|Jessica Medeiros Garrison
The National Lawyers Association (NLA), however, might want to think twice about allowing Garrison to speak on the subject. If Garrison plans to discuss her defamation lawsuit against me and Legal Schnauzer, she would be wise to think real hard about whether or not that's a good idea.
How do we know that Garrison might speak before the NLA? She revealed that little nugget in an interview with Rob Holbert, publisher of Lagniappe Mobile. Here is how Holbert put it:
As more and more bloggers fill the web with "journalism" that displays wildly varying degrees of ethical standards, accountability and verification, it seems likely the subject is going to be more widely discussed. Garrison said the National Lawyers Association will soon be conducting a panel on the matter, and she has been asked to join the discussion.Does it make sense to include Garrison on such a panel? Not one bit.
We've already presented evidence that suggests Garrison knows virtually nothing about First Amendment law--and cares not one iota about the rule of law. Those two characteristics alone would make her a poor choice to participate in a panel about communications in the digital environment.
But issues with Garrison go way beyond that. In an as-told-to article at women's fashion site marieclaire.com, Garrison attacked my reporting about her extramarital affair with Alabama Attorney General Luther Strange. She even crowed that she had "won" a $3.5-million default judgment against me.
But there were a number of facts Garrison either lied about or neglected to tell her audience:
* Garrison said there was a trial in the case, but there was nothing even approaching a trial; in fact, there was no adversarial proceeding of any kind.
* Longstanding First Amendment law holds that defamation cases must go to trial, that a judge cannot act as a one-man censor on an issue so central to our democracy as a free press. Did Garrison tell her audience this? Nope.
* First Amendment law also holds that defamation cases must be decided by juries. Again, the thinking is that these issues are too important to leave in the hands of a judge who could act as a solo censorship board. No jury ever was present for Garrison's case, and she did not even ask for a jury trial in her initial filings; she only did so after I asked for a jury trial in my answer.
I neither received nor was sent notification of the default-judgment hearing. That means, by law, the judgment is void, and I've seen no written document in the record that counters that.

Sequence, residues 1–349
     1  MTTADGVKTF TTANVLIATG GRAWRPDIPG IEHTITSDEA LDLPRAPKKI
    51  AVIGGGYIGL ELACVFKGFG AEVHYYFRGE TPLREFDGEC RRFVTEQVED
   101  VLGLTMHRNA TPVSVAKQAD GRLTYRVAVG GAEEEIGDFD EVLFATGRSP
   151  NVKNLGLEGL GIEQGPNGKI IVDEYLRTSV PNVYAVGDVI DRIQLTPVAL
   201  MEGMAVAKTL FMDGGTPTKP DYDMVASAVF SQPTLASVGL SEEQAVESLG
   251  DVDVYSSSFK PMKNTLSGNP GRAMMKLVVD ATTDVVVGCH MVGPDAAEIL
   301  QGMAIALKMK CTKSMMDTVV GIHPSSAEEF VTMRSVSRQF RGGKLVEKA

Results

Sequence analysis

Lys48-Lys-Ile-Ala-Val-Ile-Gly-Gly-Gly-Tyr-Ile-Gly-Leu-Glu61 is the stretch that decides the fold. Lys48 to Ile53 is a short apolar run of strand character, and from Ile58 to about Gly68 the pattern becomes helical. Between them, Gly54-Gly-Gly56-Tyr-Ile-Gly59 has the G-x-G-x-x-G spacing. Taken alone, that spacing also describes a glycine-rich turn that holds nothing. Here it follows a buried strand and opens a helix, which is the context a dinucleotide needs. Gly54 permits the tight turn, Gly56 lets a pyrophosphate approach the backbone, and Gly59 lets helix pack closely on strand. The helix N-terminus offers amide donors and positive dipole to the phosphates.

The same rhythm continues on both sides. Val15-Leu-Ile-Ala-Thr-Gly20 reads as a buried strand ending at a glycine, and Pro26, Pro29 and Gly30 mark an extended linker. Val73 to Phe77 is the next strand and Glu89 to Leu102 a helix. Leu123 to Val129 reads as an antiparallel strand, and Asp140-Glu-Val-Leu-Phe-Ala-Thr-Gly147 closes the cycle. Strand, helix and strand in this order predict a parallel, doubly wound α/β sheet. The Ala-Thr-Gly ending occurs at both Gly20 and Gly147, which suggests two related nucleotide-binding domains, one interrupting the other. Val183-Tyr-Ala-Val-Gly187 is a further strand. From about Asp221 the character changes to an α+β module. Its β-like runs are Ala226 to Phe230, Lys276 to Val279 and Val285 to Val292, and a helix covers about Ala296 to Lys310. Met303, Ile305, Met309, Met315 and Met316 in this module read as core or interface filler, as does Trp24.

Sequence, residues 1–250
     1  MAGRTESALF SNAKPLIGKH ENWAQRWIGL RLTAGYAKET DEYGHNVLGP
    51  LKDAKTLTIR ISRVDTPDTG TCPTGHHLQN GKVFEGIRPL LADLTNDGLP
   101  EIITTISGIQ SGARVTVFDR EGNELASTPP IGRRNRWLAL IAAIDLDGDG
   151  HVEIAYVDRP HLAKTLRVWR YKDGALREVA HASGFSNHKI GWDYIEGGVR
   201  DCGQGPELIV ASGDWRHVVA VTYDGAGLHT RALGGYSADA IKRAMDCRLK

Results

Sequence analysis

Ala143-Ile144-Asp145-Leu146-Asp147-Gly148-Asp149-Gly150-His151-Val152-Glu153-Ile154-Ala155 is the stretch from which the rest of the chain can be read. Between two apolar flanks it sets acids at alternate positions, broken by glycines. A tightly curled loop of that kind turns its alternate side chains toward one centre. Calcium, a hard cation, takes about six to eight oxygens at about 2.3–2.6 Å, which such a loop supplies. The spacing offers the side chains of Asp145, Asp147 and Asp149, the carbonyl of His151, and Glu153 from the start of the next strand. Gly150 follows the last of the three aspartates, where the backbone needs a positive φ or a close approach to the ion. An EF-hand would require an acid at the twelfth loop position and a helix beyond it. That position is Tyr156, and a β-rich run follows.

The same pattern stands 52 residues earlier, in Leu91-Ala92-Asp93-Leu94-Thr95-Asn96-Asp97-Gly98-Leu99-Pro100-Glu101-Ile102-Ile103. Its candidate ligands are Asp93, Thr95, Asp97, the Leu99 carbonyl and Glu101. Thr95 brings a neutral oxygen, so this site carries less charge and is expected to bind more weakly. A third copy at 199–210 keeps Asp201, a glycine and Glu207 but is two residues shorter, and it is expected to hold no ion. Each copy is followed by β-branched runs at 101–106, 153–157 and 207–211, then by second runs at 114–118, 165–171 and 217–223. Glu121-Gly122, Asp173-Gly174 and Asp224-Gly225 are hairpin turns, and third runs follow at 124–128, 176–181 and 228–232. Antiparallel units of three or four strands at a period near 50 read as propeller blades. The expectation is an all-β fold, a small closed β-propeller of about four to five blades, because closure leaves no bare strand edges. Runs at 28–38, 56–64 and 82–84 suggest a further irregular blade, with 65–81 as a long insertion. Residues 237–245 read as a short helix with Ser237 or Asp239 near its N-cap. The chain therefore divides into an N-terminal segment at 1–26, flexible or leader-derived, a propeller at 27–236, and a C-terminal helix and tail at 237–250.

* Overpowering evidence suggests that Garrison lied under oath in the hearing--and that, if proven, would amount to a crime called perjury. It also is possible that Strange testified falsely under oath, meaning, in essence, that Garrison's $3.5-million judgment is built on a mountain of fraud.
Does the National Lawyers Association mean well? The "About" page on its Web site includes this statement:
The National Lawyers Association (NLA) is a nonprofit, nonpartisan, 501(c)(6) membership organization devoted to advancing the legal issues that concern our members. Without regard for politics or prevailing fashion, we dedicate our work to the belief that there is a national imperative to improve the legal profession and the justice system of the nation. There's never been a more important time to be a member of the NLA.
That sounds good, but if the NLA thinks Jessica Medeiros Garrison is going to help further that noble cause, it is sadly mistaken.
Garrison touts herself as a victim of defamation. But there is nothing in any court file to support that claim. There is no finding at trial, or any form of adversarial proceeding, that my reporting was false or defamatory. There is no jury finding, as required by law, that my reporting was false or defamatory.
Does the NLA really want a non-victim, one who has shown little to zero knowledge of First Amendment law, to pontificate on defamation in the digital age? If so, the NLA could be headed down a treacherous slope.